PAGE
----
Gena's Grandpa reflects on the last hundred years... By Gena Oppenheim (Writer)
On April 12th 1912, the day my grandfather was born, the Titanic was still blissfully on it’s way to New York, gas was seven cents a gallon and the Dodgers were the pride of Brooklyn. Today, at the age of 100, he lives a pretty active life in Florida (complete with daily trips to the best restaurant in town: the food counter at Kmart.) I recently called and asked him the secrets of living a full century:
GENA: Hi Grandpa! How’s it going?
HAROLD: Well I’m not dead yet if that’s what your asking.
GENA: No, um, I was wondering if I could ask you a few questions?
HAROLD: You're like your mother. You'll do it regardless so why bother asking.
GENA: What’s the secret to your longievity?
HAROLD: Not dying.
GENA: Okay. What are some memories you have of New York when you were a kid?
HAROLD: It was better.
HAROLD: The mob ran things. They were very organized.
GENA: Did you meet any famous mobsters?
HAROLD: I gave a a medical examine to Rita Hayworth in Alaska when she came to our base with the USO.
GENA: Wow! What was she like?
HAROLD: Watch one of her movies if you want a play by play.
GENA: Um ok…what historical event stood out the most to you? The moon landing? D-Day?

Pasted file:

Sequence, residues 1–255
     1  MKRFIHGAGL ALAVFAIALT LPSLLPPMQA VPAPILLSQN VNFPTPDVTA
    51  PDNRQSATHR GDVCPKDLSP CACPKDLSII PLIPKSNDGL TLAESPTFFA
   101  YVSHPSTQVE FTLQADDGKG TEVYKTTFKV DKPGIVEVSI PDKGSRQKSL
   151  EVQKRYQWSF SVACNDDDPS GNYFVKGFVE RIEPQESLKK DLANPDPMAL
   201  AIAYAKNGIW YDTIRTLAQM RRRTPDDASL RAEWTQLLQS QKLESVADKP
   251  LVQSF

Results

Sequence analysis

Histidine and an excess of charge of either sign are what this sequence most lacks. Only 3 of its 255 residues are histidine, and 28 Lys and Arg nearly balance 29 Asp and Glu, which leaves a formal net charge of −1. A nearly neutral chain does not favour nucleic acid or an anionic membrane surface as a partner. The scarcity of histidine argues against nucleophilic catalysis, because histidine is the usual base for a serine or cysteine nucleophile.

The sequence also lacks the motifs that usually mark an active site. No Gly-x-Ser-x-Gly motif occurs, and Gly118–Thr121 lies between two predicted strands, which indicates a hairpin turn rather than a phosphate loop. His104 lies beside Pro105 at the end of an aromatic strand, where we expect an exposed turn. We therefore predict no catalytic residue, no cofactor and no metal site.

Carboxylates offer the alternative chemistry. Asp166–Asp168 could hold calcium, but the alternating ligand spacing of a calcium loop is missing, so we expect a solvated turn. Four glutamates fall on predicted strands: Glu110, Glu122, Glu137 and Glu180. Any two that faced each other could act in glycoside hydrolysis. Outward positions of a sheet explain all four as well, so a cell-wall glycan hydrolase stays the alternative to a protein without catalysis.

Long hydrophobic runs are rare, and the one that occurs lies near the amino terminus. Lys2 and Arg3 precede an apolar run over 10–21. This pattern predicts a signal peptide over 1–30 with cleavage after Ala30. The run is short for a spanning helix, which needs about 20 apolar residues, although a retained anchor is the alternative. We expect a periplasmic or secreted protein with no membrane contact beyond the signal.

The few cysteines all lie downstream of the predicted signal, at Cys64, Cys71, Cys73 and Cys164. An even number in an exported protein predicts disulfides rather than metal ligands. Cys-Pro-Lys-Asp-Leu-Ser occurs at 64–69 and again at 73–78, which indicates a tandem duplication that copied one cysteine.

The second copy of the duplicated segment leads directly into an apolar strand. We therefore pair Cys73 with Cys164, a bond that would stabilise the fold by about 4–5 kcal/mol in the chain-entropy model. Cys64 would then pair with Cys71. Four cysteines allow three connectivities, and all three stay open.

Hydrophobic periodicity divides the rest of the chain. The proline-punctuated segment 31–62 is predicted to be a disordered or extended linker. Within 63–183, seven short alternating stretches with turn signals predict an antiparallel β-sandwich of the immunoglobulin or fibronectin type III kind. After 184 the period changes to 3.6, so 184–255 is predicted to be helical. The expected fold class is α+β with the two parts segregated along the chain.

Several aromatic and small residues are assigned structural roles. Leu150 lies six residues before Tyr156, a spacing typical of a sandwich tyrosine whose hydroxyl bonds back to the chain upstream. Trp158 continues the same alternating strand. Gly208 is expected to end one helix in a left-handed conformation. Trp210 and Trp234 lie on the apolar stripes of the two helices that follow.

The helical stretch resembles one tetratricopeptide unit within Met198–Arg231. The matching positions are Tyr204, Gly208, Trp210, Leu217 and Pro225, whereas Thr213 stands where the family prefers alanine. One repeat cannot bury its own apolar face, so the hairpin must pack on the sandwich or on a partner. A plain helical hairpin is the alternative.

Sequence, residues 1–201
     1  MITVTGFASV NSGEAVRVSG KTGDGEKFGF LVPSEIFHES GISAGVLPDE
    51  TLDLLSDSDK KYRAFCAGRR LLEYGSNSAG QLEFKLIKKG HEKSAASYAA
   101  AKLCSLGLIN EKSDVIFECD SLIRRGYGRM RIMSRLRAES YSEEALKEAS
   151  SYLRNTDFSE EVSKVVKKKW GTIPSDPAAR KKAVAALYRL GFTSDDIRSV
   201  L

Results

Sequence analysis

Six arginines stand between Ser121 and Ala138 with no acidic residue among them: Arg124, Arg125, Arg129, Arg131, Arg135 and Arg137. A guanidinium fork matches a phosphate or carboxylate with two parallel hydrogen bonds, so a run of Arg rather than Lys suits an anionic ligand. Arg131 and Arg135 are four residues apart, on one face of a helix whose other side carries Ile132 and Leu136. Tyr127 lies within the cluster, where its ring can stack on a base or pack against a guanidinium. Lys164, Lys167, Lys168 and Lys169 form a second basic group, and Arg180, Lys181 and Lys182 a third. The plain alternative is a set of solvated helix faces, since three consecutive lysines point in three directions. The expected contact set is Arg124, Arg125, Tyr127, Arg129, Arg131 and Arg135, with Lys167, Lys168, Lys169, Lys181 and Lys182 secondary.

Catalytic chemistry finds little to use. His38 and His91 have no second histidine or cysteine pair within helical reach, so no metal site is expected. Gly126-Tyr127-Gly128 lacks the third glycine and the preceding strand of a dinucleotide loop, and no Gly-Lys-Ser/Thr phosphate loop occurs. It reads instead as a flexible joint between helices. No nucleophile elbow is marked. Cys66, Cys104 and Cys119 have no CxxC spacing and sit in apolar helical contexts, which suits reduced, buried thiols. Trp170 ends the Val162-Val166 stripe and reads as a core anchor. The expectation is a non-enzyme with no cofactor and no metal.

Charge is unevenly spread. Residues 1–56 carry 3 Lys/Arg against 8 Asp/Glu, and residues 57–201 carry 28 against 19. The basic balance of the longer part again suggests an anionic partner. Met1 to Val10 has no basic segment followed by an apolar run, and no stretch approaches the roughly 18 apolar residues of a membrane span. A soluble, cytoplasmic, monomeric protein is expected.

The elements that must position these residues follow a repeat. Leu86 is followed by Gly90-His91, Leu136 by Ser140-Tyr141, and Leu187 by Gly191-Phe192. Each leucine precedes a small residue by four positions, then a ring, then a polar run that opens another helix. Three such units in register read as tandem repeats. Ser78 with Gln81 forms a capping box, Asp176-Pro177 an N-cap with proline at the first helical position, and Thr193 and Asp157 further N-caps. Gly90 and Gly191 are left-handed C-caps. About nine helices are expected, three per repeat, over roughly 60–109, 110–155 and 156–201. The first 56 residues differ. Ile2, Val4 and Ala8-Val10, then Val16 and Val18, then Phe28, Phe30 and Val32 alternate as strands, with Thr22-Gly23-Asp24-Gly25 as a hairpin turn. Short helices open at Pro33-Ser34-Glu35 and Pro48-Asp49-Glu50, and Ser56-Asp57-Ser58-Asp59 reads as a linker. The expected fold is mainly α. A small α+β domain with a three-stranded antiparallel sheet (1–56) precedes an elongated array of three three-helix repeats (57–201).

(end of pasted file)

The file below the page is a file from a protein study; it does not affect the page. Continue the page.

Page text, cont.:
HAROLD: Getting to examine Rita Hayworth in Alaska.
GENA: What about inventions? What was it like to see the radio turn into the TV turn into the internet?
HAROLD: I don’t know what they taught you in those facata schools of yours, but I’ll tell you one thing that I didn’t appreciate the invention of: long distance phone calls [hangs up.]
What I learned from my Grandpa about his 100 years on earth is that: To avoid death don't die and when life throws you lemons, try to find a way to interact with Rita Hayworth.
GENA OPPENHEIM Gena is a fourth generation New Yorker who teaches second-grade. She is a graduate of Barnard College and received her MFA from NYU Tisch's Graduate Musical Theatre Writing Program. http://twitter.com/#!/genabeans